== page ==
Facts are facts.  Pro football players have a short and risky career.  The average player is active for 3.2 years.  One half of veterans retire with permanent disability.  They have a life expectancy of 55 years – far less than the average 70.  It’s important to maximize earning ability during short careers.
By 1984 the New York Times wrote a story saying that the most important line in pro football had become the bottom line for owners.  TV revenue was soaring and under a profit sharing agreement, teams were receiving $5 million each.  Sports agents became a part of the scene, negotiating big contracts for rookies who had yet to play a pro game.  Established players followed suit, with New York Jets defensive lineman Mark Gastineau negotiating an unheard of five year contract for $3.71 million, known as the “Gastineau deal,” and John Elway quarterbacking his way to a five year $5 million contract.  Under the existing rules, players were under a reserve clause which saw their careers managed under one team.  Under the “Rozelle Rule” changing teams meant that the new team had to pay compensation to the former team.  Through 1975 only four players moved.  The popularity of the sport continued to rise, fueled by TV coverage and the new practice of endorsement deals.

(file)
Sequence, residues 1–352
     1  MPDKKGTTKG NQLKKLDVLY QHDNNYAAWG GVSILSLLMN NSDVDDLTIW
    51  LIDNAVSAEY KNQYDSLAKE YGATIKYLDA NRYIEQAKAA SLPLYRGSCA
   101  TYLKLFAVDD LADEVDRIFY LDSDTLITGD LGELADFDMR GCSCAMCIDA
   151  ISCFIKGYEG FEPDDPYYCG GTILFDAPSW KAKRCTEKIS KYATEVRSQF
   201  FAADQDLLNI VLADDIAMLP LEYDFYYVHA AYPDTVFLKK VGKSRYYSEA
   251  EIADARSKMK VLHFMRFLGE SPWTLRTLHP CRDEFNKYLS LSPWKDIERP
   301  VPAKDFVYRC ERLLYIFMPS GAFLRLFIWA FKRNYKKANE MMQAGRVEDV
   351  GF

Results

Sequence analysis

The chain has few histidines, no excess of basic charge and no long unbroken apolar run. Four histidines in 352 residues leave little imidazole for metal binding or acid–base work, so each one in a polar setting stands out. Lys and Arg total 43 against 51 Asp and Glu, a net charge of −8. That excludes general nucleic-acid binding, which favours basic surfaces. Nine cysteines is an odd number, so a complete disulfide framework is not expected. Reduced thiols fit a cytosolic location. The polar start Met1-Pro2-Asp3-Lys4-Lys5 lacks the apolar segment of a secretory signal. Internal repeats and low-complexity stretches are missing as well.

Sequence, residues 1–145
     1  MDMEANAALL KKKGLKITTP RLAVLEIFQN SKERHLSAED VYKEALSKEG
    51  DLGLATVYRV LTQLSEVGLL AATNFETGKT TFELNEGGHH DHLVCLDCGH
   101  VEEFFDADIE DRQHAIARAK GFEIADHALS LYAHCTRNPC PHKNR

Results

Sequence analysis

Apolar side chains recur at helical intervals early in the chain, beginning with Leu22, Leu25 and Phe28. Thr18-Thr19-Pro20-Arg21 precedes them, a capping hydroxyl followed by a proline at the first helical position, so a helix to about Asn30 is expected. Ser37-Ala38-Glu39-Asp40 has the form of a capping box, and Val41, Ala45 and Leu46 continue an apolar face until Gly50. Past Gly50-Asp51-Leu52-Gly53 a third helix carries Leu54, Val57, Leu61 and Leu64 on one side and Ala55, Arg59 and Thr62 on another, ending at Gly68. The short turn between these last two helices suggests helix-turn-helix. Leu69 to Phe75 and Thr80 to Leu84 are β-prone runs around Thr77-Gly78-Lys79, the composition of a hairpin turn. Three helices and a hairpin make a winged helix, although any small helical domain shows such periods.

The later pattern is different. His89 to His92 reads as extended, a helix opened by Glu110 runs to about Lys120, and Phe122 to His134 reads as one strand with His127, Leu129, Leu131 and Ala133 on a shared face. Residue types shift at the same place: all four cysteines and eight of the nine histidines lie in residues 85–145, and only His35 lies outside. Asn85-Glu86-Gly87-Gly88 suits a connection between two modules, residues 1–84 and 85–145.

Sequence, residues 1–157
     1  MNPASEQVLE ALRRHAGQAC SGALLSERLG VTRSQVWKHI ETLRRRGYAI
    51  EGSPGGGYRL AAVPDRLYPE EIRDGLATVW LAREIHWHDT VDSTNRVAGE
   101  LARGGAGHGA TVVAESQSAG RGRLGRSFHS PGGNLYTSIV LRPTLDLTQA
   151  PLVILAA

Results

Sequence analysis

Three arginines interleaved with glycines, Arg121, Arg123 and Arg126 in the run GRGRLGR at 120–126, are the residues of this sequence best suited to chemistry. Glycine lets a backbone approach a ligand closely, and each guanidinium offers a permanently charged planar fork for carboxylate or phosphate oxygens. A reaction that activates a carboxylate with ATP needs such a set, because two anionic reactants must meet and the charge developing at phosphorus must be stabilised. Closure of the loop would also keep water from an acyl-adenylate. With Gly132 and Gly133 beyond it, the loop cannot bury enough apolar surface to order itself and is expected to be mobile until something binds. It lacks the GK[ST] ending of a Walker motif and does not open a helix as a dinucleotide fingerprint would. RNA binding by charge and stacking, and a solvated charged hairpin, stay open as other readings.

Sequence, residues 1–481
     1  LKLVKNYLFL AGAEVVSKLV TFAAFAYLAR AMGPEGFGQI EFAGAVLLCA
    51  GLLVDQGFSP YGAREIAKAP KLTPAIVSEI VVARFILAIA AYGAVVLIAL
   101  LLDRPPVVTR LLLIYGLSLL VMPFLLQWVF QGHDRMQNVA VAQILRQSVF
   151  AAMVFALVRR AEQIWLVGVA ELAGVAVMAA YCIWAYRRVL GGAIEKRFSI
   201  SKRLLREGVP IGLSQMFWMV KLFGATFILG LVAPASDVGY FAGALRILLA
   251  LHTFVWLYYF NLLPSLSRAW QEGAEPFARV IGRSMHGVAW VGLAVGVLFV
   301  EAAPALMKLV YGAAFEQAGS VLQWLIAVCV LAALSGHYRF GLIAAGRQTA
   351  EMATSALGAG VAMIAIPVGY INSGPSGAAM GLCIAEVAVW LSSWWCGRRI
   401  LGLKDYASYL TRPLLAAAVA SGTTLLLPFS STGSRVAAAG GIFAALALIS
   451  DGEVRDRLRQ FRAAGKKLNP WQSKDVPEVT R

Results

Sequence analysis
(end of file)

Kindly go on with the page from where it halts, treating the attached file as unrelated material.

It was inevitable that players would want a larger share of the very profitable pie that was baking for the owners and so the NFL Players Association was formed to protect the rights and the future of the athletes and to give players some power in the system.  The resulting free agency and a greater percentage of revenue were a major step forward.  Collective bargaining was often tough as owners were protective of their bottom lines.  There have been several major strikes.  Today, the NFL has salary caps and while average salaries may sound quite high in comparison with those of the average fan, today’s experienced players know it is highly possible that they (and their comfortable salaries) will be expendable as a younger, less experienced and hungry-for-action player can come in well under that cap.  This is not much different from the corporate world.
Pro football is a business.  It is a business which provides entertainment for hundreds of thousands of people every autumn.  It is also a business where the players – those gifted with the physical, mental and emotional skills to play at that highest level of sport- provide the services that make the TV deals and the bottom lines possible for the short amount of time that they are physically able to do the job.  The majority of these players utilize the platform of their playing days not only to play the game they love, and maximize their earning ability and prepare for life after the game, but also to contribute to their communities, raise money for charities, and inspire young people.